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The term ACEs (Adverse Childhood Experiences) became a "thing" after the release of a report from the United States Centre for Disease Control. The study's aim was to try to quantify the effect of adverse childhood experiences on long term population-wide health outcomes. It is one of the largest investigations of childhood abuse and neglect and household challenges and later-life health and well-being, with over 17,000 completing the confidential survey. Due to the broad nature of population-wide studies, the researchers had to assimilate hundreds of different types of things that are considered traumatic in childhood into a concise list of questions, balancing the need for measurable outcomes that were a balance of reasonable to ask
Suggesting that adversity of any kind is bad or traumatic is not what ACEs are about. While abuse and neglect should always be considered fundamentally wrong, traumatic and preventable, the same cannot always be said for adversity. Everyone will experience adversity at some point and there is often strength and hope to be found in it. Our responses to adversity can nurture resilience and loving relationships while also defining our identities
Knowing your ACE Score is not going to fix anything, but it may help you be more gentle on yourself. It may provide an explanation for why you behave or react to certain situations the way you do. It may help you understand the origin of ..... And once you understand the root cause, or causes, you can work with professionals to heal and live well with your childhood experiences
While you were growing up (during your first 18 years of life), did a parent or other adult in the household often or very often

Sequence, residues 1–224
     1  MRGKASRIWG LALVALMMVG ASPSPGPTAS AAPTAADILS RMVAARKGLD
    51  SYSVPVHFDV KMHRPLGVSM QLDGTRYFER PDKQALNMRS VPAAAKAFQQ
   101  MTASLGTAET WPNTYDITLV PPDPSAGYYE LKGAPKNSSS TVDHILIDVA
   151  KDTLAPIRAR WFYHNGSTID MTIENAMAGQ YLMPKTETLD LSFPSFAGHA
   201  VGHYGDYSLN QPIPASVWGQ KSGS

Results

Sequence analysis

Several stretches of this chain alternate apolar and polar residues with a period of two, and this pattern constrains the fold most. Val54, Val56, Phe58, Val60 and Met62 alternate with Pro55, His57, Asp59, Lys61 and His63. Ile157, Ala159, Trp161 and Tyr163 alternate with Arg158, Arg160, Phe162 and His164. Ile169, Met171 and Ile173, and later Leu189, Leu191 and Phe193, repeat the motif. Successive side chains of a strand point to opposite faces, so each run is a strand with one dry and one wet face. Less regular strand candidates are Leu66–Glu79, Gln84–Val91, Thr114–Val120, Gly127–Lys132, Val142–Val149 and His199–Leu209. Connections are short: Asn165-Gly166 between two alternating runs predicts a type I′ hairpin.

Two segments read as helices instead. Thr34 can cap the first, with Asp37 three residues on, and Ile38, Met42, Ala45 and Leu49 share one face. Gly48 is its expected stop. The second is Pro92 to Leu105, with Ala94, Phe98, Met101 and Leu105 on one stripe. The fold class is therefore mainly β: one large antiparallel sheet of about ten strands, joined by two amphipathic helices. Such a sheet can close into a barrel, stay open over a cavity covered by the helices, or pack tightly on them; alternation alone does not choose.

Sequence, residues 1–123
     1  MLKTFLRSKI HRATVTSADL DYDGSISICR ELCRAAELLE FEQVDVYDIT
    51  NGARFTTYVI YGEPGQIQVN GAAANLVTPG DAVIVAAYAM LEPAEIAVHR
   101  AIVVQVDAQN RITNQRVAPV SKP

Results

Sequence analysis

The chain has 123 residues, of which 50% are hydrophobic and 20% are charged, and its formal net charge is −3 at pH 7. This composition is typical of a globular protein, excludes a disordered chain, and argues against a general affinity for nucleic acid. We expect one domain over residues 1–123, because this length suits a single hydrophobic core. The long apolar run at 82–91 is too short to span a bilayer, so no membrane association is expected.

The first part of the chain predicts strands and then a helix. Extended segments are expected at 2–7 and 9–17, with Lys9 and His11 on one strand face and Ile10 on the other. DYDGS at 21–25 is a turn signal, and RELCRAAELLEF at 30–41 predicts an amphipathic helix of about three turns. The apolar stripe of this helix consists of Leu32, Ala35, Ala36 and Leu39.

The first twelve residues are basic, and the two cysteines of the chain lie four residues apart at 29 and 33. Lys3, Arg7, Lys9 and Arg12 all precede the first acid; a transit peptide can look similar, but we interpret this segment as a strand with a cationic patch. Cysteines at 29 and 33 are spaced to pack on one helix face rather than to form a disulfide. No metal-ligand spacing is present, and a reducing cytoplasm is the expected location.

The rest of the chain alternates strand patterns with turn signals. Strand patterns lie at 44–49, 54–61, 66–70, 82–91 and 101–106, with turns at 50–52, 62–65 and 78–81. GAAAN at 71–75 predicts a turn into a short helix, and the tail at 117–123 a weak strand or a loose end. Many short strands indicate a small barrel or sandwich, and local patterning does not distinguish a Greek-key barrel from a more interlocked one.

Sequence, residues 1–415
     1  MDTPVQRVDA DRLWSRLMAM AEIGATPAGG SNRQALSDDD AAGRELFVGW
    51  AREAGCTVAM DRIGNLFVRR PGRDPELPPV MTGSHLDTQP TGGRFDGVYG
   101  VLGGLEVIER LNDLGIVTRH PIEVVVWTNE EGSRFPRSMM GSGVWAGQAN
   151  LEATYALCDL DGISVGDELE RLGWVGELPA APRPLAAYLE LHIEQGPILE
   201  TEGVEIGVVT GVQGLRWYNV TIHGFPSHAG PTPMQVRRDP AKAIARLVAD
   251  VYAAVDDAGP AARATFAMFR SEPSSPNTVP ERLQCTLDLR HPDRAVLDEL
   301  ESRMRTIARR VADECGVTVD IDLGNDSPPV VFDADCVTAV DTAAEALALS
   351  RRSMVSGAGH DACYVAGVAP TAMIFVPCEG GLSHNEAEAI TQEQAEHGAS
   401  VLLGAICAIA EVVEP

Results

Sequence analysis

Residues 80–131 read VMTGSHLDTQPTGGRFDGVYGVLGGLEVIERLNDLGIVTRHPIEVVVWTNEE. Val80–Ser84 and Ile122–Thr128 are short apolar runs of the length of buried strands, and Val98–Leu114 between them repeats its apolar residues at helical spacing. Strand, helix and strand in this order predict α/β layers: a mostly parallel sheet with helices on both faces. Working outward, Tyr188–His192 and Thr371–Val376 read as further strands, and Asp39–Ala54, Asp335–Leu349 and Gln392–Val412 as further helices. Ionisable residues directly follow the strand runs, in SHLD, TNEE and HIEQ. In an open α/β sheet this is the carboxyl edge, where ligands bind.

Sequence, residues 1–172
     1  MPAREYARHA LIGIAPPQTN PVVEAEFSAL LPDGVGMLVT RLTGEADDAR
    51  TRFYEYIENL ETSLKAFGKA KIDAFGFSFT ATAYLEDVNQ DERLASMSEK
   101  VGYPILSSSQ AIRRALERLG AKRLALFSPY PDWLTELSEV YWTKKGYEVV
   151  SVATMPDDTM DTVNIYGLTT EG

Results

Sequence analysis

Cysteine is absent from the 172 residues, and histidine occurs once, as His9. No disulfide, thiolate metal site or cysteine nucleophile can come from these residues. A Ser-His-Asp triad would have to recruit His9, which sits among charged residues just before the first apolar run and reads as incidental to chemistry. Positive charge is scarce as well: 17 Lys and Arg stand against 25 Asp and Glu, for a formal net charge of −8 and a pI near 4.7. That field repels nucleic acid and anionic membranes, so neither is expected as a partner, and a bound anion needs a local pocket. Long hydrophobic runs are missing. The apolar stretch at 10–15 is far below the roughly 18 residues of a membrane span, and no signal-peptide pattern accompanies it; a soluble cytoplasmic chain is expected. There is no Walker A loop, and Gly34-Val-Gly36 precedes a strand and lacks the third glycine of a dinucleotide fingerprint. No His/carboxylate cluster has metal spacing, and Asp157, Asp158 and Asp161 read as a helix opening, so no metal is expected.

While you were growing up (during your first 18 years of life), did an adult or person at least 5 years older than you ever
While you were growing up (during your first 18 years of life), did you often or very often feel that
While you were growing up (during your first 18 years of life), were your parents ever separated or divorced?
While you were growing up (during your first 18 years of life), was your mother or stepmother
While you were growing up (during your first 18 years of life), did you live with anyone who was a problem drinker or alcoholic, or who used street drugs?
While you were growing up (during your first 18 years of life), was a household member depressed or mentally ill, or did a household member attempt suicide?
While you were growing up (during your first 18 years of life), did a household member go to prison?
Not all children who experience child maltreatment become adults who abuse or neglect their own children. Intergenerational patterns of child abuse and neglect are complex and nuanced.
There is generally not a single factor that results in the abuse or neglect of a child; it is usually a combination of various factors. In addition, the duration (such as the duration of an illness) or intensity (such as the level of drug or alcohol abuse) can make it more or less likely that a child will be at risk for abuse. When trying to understand child abuse and neglect, we often look at possible factors in the adult, factors based on something in society, and factors based on something about the child.
There are many deeply rooted, complicated, and interrelated societal factors that can contribute to child abuse and neglect. While we cannot list them all here, the following two factors are often identified as increasing the likelihood that child abuse and neglect will occur.
Research tells us that there is no "typical" abuser. People who abuse children may be male or female and the majority of child abuse is committed by someone who knows the child. In over 80% of cases, a parent is the identified perpetrator. The following are characteristics of some people who abuse children.
Some children have certain characteristics or behaviors that make it more likely that they will be at risk for abuse or neglect. However, it is important to remember that no matter what characteristics a child has or how they act a child is NEVER responsible for being abused or neglected.
These wide-ranging health and social consequences underscore the importance of preventing ACEs before the nurturing relationships and environment can have a positive impact on a broad range of health problems and on the development of skills that will help children reach their full potential. Strategies that address the need of children and their families include:
Child abuse and neglect may show up in physical or behavioral signs, some of which are listed here. In many instances there appears to be an unusual pattern or location of physical injuries that suggests abuse. Some of the signs listed may indicate problems that do not involve abuse or neglect.